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Vodafone has kicked off one of the biggest advertising pitches of the year after the mobile giant announced it is putting its global ad-buying and planning account up for tender.

Stephen Glover: Murdoch haters can't have itboth ways

The tragic death of Marie Colvin has stirred a thousand pens into action, and rightly so. David Cameron and Ed Miliband praised her in the Commons. After months during which newspapers and journalists have been portrayed in unflattering terms, here was a brave and resourceful reporter who had devoted her life to writing about the horrors of war. Despite the awfulness of what had happened, many journalists felt a little better about their trade.

Claire Beale: The Sun rises on a newly energised market

on Advertising

Sir Martin Sorrell: Co-operation is key in putting the banks to rights

Without reform... the problem of some banks being 'too big to fail' is still with us

Business Diary: Britain sticks it to French again

In this era of isolationism, the British Government clearly isn't missing any opportunity to stick two fingers up to the French.

David Prosser: Osborne suffers as WPP plays hard to get

Outlook Sir Martin Sorrell made an impact when announcing in 2008 that WPP was relocating to Ireland for tax reasons – and a big splash again in the summer when he said George Osborne's Budget was tempting the company to come back. Since then, nothing.

Sorrell opens WPP school in Shanghai

Sir Martin Sorrell is to open a WPP school of marketing in Shanghai, tomorrow.

Markets crisis could prompt new spending dip, says Sorrell

The world's largest advertising group, WPP, has warned the latest stock-market crisis could hit client spending in 2012, as emerging-market and digital services helped it to post a surge in first-half profits.

The Business On... The Sorrell family, Business dynasty in the making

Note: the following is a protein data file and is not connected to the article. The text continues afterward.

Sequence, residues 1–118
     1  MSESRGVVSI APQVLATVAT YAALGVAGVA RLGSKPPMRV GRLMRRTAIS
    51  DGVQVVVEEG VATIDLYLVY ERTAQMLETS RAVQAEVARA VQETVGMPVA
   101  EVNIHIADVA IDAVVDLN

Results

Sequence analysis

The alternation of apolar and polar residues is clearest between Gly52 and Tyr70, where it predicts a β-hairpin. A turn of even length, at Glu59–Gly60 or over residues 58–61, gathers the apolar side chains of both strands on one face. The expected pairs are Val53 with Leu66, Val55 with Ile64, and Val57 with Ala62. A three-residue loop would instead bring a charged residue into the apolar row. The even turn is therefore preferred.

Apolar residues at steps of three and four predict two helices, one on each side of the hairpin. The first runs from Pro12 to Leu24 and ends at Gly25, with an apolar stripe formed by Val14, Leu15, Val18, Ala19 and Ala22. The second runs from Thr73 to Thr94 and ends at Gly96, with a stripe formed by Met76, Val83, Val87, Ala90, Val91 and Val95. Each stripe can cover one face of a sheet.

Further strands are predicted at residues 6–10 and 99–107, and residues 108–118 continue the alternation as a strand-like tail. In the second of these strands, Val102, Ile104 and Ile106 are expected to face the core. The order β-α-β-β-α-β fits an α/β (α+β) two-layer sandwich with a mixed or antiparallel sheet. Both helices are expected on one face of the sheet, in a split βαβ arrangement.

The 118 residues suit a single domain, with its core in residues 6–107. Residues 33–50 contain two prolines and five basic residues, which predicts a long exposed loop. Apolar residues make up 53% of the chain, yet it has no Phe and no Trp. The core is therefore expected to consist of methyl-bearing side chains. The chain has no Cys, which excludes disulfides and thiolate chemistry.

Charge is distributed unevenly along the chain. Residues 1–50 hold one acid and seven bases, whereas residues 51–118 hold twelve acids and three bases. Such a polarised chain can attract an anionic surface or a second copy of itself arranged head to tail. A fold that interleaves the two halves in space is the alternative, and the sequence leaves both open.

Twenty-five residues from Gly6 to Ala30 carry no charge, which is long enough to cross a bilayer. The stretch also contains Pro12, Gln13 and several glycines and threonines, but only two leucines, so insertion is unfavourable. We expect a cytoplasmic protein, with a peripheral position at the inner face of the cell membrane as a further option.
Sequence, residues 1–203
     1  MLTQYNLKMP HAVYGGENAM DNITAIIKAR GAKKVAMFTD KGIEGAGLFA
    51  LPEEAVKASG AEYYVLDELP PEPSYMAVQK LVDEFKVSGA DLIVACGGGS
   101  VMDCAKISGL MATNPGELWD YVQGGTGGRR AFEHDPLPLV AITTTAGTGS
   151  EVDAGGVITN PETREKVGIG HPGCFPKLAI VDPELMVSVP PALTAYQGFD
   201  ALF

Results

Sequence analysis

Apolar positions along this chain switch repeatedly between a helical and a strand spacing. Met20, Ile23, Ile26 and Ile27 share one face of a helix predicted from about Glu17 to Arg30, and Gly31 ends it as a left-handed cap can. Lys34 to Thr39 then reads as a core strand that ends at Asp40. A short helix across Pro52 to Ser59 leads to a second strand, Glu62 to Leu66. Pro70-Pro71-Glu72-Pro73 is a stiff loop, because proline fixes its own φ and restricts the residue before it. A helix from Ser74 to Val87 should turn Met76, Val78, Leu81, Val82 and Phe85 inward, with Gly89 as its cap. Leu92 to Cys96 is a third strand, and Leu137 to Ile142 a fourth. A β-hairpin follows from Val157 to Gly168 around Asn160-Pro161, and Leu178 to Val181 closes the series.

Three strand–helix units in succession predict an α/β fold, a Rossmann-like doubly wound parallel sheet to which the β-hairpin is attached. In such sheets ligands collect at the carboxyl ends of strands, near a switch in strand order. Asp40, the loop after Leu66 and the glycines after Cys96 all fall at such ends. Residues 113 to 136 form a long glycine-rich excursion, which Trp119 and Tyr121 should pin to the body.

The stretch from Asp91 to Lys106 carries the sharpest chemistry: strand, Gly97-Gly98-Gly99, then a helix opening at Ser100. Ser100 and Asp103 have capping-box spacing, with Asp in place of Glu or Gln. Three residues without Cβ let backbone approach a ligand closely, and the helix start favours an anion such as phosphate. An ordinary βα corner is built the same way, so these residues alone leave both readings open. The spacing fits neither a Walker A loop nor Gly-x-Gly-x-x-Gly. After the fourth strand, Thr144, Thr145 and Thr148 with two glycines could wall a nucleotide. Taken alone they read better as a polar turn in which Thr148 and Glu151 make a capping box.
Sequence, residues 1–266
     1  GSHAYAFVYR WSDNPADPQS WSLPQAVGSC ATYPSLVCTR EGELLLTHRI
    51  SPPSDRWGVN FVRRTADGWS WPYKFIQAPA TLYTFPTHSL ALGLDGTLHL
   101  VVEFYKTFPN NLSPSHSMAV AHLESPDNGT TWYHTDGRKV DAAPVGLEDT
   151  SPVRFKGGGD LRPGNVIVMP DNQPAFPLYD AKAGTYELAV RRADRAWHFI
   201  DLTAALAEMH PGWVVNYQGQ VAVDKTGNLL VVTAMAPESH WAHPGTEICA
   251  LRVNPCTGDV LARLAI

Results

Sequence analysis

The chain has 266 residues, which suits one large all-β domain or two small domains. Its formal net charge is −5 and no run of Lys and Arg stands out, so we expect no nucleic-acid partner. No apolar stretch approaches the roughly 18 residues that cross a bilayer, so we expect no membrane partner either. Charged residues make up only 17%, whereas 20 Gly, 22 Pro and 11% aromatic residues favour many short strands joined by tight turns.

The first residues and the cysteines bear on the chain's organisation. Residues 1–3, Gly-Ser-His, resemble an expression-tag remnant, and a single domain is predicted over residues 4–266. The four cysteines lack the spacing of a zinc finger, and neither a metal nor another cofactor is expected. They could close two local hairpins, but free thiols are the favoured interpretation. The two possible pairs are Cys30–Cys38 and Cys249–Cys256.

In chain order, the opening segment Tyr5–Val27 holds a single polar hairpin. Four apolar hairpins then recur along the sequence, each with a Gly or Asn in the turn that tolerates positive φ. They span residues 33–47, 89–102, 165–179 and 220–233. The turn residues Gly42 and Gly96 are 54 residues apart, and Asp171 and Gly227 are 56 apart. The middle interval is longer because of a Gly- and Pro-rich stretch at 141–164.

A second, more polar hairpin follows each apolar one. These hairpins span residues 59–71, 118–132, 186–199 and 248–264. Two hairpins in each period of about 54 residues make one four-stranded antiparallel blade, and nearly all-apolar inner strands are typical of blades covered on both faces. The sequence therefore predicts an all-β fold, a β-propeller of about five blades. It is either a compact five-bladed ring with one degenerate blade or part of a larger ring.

That's Sir Martin and his boys, right?

Market Report: Aegis shoots higher on talk of a bid from WPP

Bid speculation returned around Aegis last night, as vague rumours suggesting its much bigger rival WPP may be interested in a renewed takeover attempt prompted a sharp rally late in the session.

The silent snoop on your computer

Designed to speed up and enhance the internet experience, web markers known as 'cookies' make a mockery of our privacy. Every web user needs to understand (and control) these insidious cyber-spies, says <b>Stephen Foley</b>

Market Report: Moneysupermarket.com gains on raised bid hopes

Investors were logging on to Moneysupermarket.com last night on hopes it could attract a bid as City scribblers talked up the price-comparison website's takeover potential.

Multinationals in line for &#163;1bn tax break

Multinationals were given details of what amounts to a near £1bn tax break on their overseas profits yesterday – on the day thousands of public sector workers walked out on strike over cuts to their pensions.

Leading article: No escape from Sir Martin's watchful eyes

When you make your next purchase online, Sir Martin Sorrell will probably get to learn of it. The Briton who heads the world's biggest advertising group, WPP, yesterday launched a new company, Xaxis, which will preside over the "world's largest database" of 500 million personal profiles, based on such things as the individual's choice in websites and purchases made online. Xaxis will track "almost 100 per cent of the UK population".

Database boasts it will track web behaviour of everyone in UK

A British advertising company claims to have built the world's largest database of individuals' internet behaviour, which it says will track "almost 100 per cent" of the UK population.

Ad market set to slow down in UK